Say goodbye to misunderstandings: the 5 keys to effective communication

The 5 keys to effective communication

Long lists of chaotic emails. Conflicts between teammates. Badly planned projects. Poorly developed ideas. Files everywhere. Late deliveries. Sound familiar? Don’t worry because you’re not alone. The good news is that averting problems that stem from poor communication with your colleagues or your bosses is possible. You simply need to learn to communicate effectively in order to drive up trust levels within the team, translating into an improved work environment and better results.

Although the aim of communication is to share a message or an idea, we don’t always manage to get across what we have in mind. Sometimes the message gets lost or misinterpreted, preventing us from communicating effectively. But, what do we actually mean when we talk about effective communication? Well, it’s the ability to communicate in a way that’s clear and can be understood, which is why it’s necessary to try and eliminate the potential for any misunderstandings.

Here are the 5 keys for learning how to communicate your ideas effectively and to start your journey towards achieving your goals and objectives.

1. Construct an effective message

When it comes to helping your listener or reader to correctly understand your message, the first step is to know what your intention is: what do you want to convey? With that in mind, develop your message:

  • Adapt it to the medium: We don’t express ourselves in the same way in an email as we do on the phone or in a work meeting. So adapt both your verbal language and your body language to the circumstances.

  • Be clear and concise: It’s important to use vocabulary that is as precise as possible to avoid any ambiguities. If you don’t, this can give rise to multiple interpretations, which can hinder communication.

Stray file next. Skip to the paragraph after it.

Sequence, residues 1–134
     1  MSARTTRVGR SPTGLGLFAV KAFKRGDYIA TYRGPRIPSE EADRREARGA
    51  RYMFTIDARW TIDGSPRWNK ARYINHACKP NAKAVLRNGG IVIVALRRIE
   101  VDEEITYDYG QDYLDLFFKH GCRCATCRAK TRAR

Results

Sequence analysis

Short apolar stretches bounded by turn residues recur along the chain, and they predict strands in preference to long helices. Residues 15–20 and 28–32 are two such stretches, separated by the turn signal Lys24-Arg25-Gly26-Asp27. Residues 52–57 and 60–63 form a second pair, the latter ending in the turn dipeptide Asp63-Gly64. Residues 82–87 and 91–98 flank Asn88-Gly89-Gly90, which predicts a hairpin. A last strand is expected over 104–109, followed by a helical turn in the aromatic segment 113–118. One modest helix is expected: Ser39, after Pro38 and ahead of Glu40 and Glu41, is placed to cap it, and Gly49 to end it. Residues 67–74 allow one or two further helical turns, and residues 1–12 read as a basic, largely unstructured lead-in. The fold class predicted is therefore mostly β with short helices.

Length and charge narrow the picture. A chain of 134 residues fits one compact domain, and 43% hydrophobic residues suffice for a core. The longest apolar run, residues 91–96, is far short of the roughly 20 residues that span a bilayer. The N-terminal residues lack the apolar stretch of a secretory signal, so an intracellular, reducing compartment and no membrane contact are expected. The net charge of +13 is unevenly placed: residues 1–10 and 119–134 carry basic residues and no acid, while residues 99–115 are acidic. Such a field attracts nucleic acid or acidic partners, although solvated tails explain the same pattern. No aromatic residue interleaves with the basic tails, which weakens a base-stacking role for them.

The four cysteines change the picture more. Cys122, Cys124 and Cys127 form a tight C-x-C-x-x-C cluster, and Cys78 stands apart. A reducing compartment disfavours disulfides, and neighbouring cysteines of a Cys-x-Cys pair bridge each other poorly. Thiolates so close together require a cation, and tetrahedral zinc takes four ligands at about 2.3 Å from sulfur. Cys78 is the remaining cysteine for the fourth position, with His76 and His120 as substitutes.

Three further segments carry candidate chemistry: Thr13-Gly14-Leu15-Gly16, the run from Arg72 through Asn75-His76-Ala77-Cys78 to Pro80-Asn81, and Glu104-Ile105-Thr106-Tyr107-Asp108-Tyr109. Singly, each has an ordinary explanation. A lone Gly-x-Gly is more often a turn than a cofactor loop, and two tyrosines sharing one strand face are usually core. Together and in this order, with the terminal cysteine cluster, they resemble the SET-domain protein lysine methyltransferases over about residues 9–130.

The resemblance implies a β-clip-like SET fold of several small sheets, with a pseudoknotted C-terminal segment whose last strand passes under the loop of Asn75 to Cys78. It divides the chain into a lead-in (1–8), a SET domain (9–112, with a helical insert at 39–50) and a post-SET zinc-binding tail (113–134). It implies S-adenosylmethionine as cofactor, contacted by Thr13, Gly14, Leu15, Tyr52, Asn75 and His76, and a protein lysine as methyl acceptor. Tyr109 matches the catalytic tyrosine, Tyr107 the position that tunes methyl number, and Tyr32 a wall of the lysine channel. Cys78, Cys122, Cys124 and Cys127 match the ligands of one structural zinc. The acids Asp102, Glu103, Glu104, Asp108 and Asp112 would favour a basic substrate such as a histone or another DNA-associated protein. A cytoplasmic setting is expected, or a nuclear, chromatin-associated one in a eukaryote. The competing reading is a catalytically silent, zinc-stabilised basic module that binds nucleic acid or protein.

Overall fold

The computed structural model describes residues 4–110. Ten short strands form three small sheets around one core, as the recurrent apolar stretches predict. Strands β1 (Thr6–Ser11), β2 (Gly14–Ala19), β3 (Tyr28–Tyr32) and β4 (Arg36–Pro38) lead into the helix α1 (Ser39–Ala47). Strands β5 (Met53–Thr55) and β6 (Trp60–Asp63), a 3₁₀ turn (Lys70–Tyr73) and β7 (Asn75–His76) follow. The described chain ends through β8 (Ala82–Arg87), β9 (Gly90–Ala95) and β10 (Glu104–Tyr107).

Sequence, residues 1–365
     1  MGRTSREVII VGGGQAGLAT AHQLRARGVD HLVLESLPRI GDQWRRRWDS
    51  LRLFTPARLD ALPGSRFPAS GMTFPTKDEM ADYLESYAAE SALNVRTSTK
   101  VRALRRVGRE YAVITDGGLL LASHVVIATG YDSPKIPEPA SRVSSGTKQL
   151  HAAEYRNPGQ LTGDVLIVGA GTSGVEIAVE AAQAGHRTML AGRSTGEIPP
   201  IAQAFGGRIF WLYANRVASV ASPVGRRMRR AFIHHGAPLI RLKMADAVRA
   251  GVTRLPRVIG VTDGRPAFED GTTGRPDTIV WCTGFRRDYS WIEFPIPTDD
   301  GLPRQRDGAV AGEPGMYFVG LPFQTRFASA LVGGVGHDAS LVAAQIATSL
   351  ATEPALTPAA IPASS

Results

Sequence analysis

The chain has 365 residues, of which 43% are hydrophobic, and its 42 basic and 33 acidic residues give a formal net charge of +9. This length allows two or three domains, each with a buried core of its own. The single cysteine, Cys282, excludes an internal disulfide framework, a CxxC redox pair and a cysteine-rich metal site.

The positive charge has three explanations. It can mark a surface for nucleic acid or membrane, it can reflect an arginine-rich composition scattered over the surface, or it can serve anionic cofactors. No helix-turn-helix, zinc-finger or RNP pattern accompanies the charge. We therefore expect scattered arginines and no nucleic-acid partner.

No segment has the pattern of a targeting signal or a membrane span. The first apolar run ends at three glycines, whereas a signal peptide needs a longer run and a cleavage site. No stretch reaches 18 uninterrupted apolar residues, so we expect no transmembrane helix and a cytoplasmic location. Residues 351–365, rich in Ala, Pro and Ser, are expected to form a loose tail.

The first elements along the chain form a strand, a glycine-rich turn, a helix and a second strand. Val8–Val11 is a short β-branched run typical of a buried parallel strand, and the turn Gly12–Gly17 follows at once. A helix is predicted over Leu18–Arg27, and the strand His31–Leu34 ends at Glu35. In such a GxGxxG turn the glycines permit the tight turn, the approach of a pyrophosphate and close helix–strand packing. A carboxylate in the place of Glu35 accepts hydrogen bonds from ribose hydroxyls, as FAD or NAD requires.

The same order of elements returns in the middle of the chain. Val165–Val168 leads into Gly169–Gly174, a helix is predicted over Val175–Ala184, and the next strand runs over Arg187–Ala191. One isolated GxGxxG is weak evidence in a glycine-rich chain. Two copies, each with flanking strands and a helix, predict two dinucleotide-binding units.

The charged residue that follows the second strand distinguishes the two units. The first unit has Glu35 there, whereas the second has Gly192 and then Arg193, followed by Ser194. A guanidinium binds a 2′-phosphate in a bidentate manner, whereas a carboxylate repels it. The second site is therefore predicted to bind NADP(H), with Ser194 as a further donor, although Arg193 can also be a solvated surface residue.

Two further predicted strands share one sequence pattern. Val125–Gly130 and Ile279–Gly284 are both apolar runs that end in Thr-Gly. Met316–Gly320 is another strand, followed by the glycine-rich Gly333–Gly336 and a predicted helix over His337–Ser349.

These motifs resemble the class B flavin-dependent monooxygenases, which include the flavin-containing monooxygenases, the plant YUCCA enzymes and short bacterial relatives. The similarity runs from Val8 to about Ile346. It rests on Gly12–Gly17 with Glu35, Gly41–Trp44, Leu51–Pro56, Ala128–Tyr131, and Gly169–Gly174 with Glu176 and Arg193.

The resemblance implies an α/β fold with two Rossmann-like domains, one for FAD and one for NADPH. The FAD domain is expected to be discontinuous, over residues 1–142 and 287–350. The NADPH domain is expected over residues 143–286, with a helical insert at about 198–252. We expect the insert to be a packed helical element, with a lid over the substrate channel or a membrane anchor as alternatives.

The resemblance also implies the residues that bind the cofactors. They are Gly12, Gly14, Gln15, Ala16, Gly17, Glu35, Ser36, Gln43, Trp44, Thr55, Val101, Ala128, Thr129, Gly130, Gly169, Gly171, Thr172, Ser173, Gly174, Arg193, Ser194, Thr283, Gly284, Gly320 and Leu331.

• Maintain a clear structure: Construct a message you can convey in an organized fashion so that you can maintain the coherency of the message and the sequence of ideas.

  • Stay on track: Going from one subject to another will confuse your listener. Being succinct and clear about the different points will ensure your message is better understood.

  • Take your time: Being clear and staying on track doesn’t have to mean keeping the message short. It’s not a case of writing a telegram or a tweet, it’s about explaining what you want to say in an adequate way. Take as long as you need.

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2. Be mindful of the context

Before you fire off a message, you also need to consider the surrounding factors, which can help or hinder understanding. In a professional setting, you need to think about:

  • External elements such as noise, environment and timing. If you think that a certain external factor could lead to problems in how the message is perceived – meaning the conversation will be a waste of time – don’t hesitate to try to postpone the conversation until a better time or find another way to converse.

  • The listener’s background. For effective communication, it’s necessary for your listener to share the same codes that will allow them to understand your message. For example, your listener may need to know about how an IT program works, the targets you want to hit or whatever was discussed at the last meeting.